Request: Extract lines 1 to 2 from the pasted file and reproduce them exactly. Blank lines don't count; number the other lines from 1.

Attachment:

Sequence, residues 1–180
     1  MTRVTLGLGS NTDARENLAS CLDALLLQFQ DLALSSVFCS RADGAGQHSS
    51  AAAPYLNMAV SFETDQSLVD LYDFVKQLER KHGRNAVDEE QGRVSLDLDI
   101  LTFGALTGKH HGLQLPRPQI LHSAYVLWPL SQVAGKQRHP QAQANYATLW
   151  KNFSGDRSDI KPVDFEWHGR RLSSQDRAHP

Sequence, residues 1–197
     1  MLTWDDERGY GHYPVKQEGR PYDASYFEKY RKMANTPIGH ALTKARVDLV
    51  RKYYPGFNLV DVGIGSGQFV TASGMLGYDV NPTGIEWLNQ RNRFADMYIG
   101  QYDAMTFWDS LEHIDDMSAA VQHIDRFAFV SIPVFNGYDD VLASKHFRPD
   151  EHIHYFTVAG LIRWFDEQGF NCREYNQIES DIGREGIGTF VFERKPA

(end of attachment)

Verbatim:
Sequence, residues 1–180
     1  MTRVTLGLGS NTDARENLAS CLDALLLQFQ DLALSSVFCS RADGAGQHSS